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Development of an ion chromatographic system suitable for monitoring the gold cyanidation process

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Fagan, Peter Andrew (1998) Development of an ion chromatographic system suitable for monitoring the gold cyanidation process. PhD thesis, University of Tasmania.

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Abstract

This thesis reports the development of new ion chromatographic (IC) methodology
suitable for monitoring the gold cyanidation process. This project continues a series
of related investigations involving the development of IC techniques, based mainly
on reversed-phase ion interaction chromatography (RPIIC), for the speciation of
metallo-cyanide complexes formed during the cyanidation of auriferous ores [1-4].
The focus of this earlier work was concerned with the development of suitable
methodology for the analysis of the products of the cyanidation process, such as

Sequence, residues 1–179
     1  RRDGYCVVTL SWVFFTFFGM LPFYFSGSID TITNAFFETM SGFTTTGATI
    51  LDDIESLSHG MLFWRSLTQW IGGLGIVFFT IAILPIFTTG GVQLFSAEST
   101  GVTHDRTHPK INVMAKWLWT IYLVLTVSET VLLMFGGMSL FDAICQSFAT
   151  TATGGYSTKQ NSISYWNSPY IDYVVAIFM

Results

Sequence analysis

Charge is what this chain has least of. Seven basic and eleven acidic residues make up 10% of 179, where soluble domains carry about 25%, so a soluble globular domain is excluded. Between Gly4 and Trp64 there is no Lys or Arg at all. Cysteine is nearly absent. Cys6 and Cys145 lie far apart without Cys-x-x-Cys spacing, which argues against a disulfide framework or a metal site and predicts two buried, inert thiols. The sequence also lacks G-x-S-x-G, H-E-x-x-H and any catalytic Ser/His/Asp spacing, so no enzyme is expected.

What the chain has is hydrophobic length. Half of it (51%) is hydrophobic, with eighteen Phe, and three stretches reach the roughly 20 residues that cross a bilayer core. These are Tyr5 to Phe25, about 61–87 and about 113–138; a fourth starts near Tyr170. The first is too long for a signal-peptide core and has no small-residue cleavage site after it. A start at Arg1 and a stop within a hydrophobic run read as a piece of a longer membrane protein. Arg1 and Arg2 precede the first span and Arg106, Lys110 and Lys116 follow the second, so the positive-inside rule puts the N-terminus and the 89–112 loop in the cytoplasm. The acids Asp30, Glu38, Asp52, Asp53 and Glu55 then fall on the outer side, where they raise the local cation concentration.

those found in tailings dams and environmental samples.
In contrast to the previous investigations, this project has focused on the
determination of the various cyano species found during the extraction stage of the
gold cyanidation process. These cyano species include uncomplexed ('free') cyanide,
metallo-cyanide complexes, thiocyanate and cyanate. It should be noted that the
terms 'free' and uncomplexed cyanide are not strictly interchangeable, especially in
the presence of labile metallo-cyanide complexes. The change in emphasis from
environmental monitoring to process control was originally suggested by Metana
Minerals, as a means to improve the efficiency of their cyanide leaching operations.
It should be emphasised that cyanide (usually added as sodium or calcium cyanide)
is the most expensive reagent used during the extraction of gold from ore.

Item Type: Thesis (PhD)
Keywords: Cyanide process, Ion exchange chromatography
Copyright Holders: The Author
Copyright Information:

Copyright 1998 the Author - The University is continuing to endeavour to trace the copyright
owner(s) and in the meantime this item has been reproduced here in good faith. We
would be pleased to hear from the copyright owner(s).

Additional Information:

Thesis (Ph.D.)--University of Tasmania, 1999. Includes bibliographical references

Date Deposited: 09 Dec 2014 00:04
Last Modified: 11 Mar 2016 05:55
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